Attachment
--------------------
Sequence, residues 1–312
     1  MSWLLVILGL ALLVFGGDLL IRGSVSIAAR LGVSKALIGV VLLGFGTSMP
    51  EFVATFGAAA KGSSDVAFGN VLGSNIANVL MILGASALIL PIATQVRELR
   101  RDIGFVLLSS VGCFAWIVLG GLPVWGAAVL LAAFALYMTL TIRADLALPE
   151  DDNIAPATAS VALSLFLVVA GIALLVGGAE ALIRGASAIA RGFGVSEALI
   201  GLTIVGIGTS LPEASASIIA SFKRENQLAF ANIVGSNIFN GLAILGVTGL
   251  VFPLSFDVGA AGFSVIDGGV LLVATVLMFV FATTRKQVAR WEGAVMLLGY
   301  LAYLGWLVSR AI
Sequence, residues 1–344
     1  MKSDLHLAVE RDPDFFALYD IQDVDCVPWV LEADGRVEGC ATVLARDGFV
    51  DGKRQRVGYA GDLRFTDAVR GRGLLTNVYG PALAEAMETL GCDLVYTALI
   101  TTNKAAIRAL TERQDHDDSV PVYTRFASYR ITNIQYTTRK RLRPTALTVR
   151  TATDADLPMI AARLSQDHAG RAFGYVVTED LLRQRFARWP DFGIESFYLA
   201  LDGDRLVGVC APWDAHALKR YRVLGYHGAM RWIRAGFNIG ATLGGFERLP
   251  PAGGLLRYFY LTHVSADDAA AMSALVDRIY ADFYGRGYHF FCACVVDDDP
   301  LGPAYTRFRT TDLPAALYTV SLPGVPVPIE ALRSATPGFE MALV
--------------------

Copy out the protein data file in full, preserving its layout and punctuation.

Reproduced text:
Sequence, residues 1–312
     1  MSWLLVILGL ALLVFGGDLL IRGSVSIAAR LGVSKALIGV VLLGFGTSMP
    51  EFVATFGAAA KGSSDVAFGN VLGSNIANVL MILGASALIL PIATQVRELR
   101  RDIGFVLLSS VGCFAWIVLG GLPVWGAAVL LAAFALYMTL TIRADLALPE
   151  DDNIAPATAS VALSLFLVVA GIALLVGGAE ALIRGASAIA RGFGVSEALI
   201  GLTIVGIGTS LPEASASIIA SFKRENQLAF ANIVGSNIFN GLAILGVTGL
   251  VFPLSFDVGA AGFSVIDGGV LLVATVLMFV FATTRKQVAR WEGAVMLLGY
   301  LAYLGWLVSR AI
Sequence, residues 1–344
     1  MKSDLHLAVE RDPDFFALYD IQDVDCVPWV LEADGRVEGC ATVLARDGFV
    51  DGKRQRVGYA GDLRFTDAVR GRGLLTNVYG PALAEAMETL GCDLVYTALI
   101  TTNKAAIRAL TERQDHDDSV PVYTRFASYR ITNIQYTTRK RLRPTALTVR
   151  TATDADLPMI AARLSQDHAG RAFGYVVTED LLRQRFARWP DFGIESFYLA
   201  LDGDRLVGVC APWDAHALKR YRVLGYHGAM RWIRAGFNIG ATLGGFERLP
   251  PAGGLLRYFY LTHVSADDAA AMSALVDRIY ADFYGRGYHF FCACVVDDDP
   301  LGPAYTRFRT TDLPAALYTV SLPGVPVPIE ALRSATPGFE MALV